FIG. 4A is a graph showing the light transmittance of lights incident upon the photodiode, using lights of wavelengths 0.45 μm or 0.55 μm, for two cases. The first case is according to a disclosed embodiment, and an oxide layer with a thickness of about 200 Å and a nitride layer with a thickness ranging from about 360 Å to about 480 Å are stacked on the surface of the photodiode. The second case (denoted ‘normal’ in FIG. 4A) is according to the prior art.

In FIG. 4A, the average light transmittance of normal case (according to the prior art), and the average light transmittance of lights with wavelengths of 0.45 μm or 0.55 μm are shown together.

It can be seen that the light transmittance has increased for the stacked layers of nitride and oxide, compared to the case of the prior art, for lights of shorter wavelength. In the graph of FIG. 3A, the x axis represents the wavelength of lights (unit: Å), and y axis represents light transmittance.

FIG. 4B is a graph showing light transmittance of lights incident upon the photodiode for two cases. The first case is according to a disclosed embodiment, where an oxide layer with a thickness of about 300 Å and a nitride layer with a thickness ranging from about 260 Å to about 380 Å are stacked on the surface of the photodiode. The second case (denoted ‘normal’ in FIG. 4A) is according to the prior art.

FIG. 4C is a graph showing light transmittance of light incident upon the photodiode for two cases. The first case is according to another embodiment, where an oxide layer with a thickness of about 500 Å and a nitride layer with a thickness of about 180 Å are stacked on the surface of the photodiode. The second case (denoted ‘normal’ in FIG. 4A) is according to the prior art.

Referring to FIG. 4B and FIG. 4C, light of wavelengths 0.45 μm or 0.55 μm were used, as in FIG. 4A.

In FIG. 4B and FIG. 4C, the average light transmittance of normal case (according to the prior art), and the average light transmittance of light with wavelengths of 0.45 μm or 0.55 μm are shown together. The averages are shown as almost straight lines in both FIG. 4 b and FIG. 4C.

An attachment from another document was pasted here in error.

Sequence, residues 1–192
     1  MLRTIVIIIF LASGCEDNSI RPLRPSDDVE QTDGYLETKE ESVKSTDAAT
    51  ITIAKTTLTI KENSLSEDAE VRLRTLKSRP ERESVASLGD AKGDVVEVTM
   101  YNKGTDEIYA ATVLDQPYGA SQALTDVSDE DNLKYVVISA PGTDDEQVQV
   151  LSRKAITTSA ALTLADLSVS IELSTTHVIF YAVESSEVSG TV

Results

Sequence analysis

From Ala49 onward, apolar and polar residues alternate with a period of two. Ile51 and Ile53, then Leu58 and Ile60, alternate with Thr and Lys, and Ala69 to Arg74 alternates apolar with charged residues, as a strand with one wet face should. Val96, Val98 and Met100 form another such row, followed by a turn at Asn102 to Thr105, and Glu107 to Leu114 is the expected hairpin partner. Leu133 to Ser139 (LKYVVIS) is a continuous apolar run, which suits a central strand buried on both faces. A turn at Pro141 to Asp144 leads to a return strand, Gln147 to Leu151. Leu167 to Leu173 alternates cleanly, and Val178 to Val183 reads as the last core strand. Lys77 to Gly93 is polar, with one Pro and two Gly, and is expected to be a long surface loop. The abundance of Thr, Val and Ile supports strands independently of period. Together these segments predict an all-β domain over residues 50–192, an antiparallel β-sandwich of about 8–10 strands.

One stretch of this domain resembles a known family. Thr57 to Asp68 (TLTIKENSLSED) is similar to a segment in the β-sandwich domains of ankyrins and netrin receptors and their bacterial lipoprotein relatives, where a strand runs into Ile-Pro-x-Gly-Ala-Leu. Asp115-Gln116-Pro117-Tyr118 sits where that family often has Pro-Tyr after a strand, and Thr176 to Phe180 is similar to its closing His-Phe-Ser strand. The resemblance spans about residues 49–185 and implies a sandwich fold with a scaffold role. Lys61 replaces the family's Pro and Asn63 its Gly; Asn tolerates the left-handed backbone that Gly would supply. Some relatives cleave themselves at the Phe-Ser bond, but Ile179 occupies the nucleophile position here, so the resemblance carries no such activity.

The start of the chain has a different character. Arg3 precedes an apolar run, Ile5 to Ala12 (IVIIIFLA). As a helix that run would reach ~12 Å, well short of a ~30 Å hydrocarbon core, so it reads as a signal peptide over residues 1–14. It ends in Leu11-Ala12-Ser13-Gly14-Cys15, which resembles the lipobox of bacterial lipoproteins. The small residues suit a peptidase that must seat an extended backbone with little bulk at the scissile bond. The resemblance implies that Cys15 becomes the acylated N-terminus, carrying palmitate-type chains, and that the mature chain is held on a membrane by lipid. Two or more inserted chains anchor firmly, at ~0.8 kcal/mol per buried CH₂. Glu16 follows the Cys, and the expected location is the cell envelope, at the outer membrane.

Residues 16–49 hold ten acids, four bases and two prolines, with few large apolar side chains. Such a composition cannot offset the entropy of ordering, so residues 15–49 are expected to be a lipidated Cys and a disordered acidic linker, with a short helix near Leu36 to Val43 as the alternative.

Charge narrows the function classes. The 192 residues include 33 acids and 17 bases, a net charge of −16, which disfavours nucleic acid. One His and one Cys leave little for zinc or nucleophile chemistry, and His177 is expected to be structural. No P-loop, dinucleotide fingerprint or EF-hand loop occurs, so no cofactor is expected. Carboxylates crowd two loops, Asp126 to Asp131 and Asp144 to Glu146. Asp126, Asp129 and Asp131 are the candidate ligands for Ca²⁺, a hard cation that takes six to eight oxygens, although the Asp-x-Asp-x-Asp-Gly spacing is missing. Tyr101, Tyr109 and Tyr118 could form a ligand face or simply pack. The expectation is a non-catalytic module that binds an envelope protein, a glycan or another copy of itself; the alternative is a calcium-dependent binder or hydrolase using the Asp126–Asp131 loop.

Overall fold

In FIG. 4B and FIG. 4C, it can be seen that the light transmittance has increased in case of the stacked layers of nitride and oxide, compared to the case of the prior art, for lights of shorter wavelength like blue.

It is evident from FIG. 4A through FIG. 4C that the light transmittance increases for lights of short wavelength, including blue, when a spacer of stacked layers of nitride and oxide is used, and when the spacer is allowed to remain on the surface of the photodiode.

The disclosed methods described above is not limited by the above described embodiments or to the attached drawings. It should be obvious to those skilled in the art that various substitution, modifications, and alterations may be made to the disclosed methods without departing from the spirit and scope of this disclosure as defined in the appended claims.

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Reference
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Referenced by
Citing PatentFiling datePublication dateApplicantTitle
US7344910 *Sep 27, 2005Mar 18, 2008Omnivision Technologies, Inc.Self-aligned photodiode for CMOS image sensor and method of making
US20140035105 *Mar 18, 2013Feb 6, 2014Kabushiki Kaisha ToshibaSemiconductor device, method for manufacturing semiconductor device, and base member for semiconductor device formation
Classifications
U.S. Classification438/48, 257/E27.132
International ClassificationH04N5/369, H04N5/335, H04N5/361, H04N5/374, H01L27/146, H01L27/14, H01L21/8238, H01L31/00, H01L21/00
Cooperative ClassificationH01L27/14689, H01L27/14609
European ClassificationH01L27/146V6, H01L27/146A4